Thursday, December 14, 2017


Thomas has been reading his grandfather's memoirs again and was lamenting the fact that he didn't make much mention of his many siblings or their personalities. Maybe that was in case they happened upon them, as they were all alive at the point he was writing them. That got us on to discussing what might be of interest to descendants, were we to write about our own lives.

Thomas was saying it would be interesting to tell people about how fashions have changed over our lifetimes. An obvious example, he cited, was ties. When he moved to Scotland, he was expected to wear a tie to work, a few years later he was expected to keep one in his desk in case of outside visitors but in general management went without, and now they don't expect anyone to wear ties in any of his workplaces, no matter the meeting.

I thought from a Scottish perspective, I could mention the evolution of the school uniform. When I was a child, skirts were compulsory in my area. Come rain, shine or snow, nothing allowed a girl to don a pair of trousers. I remember the year our school heating system broke down (winter of '79 or '80), wearing skinny jeans (leggings hadn't been invented yet), with a slightly-too-long skirt and long woolly hockey socks on top, so no one would discover I was breaking school rules. My legs were a lumpy mess but I was deliciously warm for the first time at high school! Fortunately, when the first immigrant girls arrived from Pakistan, they fought the trouser rule on religious grounds, the school gave in and then found they couldn't allow trousers only on religious grounds, so trousers became an option. It was after I'd left, but at least I knew my daughters wouldn't be hiding jeans under socks at some future date.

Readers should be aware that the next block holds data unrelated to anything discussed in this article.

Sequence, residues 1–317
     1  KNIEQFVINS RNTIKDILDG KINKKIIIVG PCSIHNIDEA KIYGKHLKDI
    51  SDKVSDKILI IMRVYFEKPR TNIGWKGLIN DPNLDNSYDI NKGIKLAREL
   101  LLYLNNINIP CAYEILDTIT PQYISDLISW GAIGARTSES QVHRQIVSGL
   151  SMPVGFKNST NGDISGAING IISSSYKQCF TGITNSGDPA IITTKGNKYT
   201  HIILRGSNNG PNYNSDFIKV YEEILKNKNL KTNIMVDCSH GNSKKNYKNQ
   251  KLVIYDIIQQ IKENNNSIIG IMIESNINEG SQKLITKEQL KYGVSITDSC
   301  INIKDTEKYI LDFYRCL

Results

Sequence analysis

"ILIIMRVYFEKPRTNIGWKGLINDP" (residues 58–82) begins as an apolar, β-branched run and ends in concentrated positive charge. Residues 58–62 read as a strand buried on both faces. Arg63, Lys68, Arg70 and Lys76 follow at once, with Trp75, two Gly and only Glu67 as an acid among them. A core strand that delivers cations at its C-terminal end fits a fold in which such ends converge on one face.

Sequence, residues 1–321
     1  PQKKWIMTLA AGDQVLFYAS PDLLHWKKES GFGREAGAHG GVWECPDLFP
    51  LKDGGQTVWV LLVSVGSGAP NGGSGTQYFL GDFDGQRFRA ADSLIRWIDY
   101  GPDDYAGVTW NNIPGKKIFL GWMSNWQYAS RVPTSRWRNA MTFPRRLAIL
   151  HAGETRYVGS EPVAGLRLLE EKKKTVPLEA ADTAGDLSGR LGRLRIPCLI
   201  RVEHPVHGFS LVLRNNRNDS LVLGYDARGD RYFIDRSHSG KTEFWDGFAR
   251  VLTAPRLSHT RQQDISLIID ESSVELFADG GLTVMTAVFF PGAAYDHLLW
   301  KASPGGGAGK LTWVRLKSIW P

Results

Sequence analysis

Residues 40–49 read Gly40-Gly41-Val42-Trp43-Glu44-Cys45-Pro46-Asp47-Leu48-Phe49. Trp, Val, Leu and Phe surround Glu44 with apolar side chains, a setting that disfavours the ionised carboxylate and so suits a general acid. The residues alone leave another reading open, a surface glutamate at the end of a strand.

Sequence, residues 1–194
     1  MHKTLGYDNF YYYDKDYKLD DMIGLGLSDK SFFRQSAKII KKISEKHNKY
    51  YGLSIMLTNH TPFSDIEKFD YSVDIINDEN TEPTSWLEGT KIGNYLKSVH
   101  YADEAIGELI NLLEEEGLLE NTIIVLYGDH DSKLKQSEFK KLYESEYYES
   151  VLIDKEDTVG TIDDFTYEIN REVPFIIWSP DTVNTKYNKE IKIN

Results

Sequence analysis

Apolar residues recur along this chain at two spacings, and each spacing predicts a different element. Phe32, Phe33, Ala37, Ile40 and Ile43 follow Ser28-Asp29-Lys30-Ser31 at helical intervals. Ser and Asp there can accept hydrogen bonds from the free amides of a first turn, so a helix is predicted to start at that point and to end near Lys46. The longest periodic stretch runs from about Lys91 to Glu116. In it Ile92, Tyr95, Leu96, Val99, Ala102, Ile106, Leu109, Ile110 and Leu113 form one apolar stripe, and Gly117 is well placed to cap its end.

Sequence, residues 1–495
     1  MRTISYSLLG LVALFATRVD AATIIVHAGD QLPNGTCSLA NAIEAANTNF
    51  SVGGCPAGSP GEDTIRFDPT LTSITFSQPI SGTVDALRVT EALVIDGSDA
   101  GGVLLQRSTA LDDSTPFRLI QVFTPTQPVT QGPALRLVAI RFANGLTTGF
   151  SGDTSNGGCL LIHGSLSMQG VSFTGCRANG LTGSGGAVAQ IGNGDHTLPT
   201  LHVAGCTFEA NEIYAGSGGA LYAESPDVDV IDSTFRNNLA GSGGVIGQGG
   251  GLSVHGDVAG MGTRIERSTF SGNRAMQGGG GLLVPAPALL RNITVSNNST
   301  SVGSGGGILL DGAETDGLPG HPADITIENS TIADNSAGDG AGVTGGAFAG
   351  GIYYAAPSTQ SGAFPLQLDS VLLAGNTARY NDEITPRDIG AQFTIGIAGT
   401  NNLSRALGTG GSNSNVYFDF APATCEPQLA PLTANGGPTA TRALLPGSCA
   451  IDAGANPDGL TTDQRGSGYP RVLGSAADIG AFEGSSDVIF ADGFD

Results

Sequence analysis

The item of dress, however, that would probably shock my offspring the most was 'navy blue gym pants'! This was a compulsory item of clothing. Everyone wore blue pants to school every day (unless you could actually remember when you had PE lessons) because PE forced you to strip to your pants. Given all the underage '70s sex scandals that have been coming out in the press over the last few years, you have to wonder who ever thought it was a good idea for all girls aged 4-12 to prance about in these and a t-shirt as they vaulted over horses and climbed wall bars - it must have been a paedophile paradise! Boys, as far as I remember, wore shorts, only girls were forced to do PE in underwear! Given that many girls start their period before leaving primary, it is quite shocking to think back on. I certainly never particularly liked the big, scratchy blue pants and I'm thrilled my own daughters now get to wear shorts.

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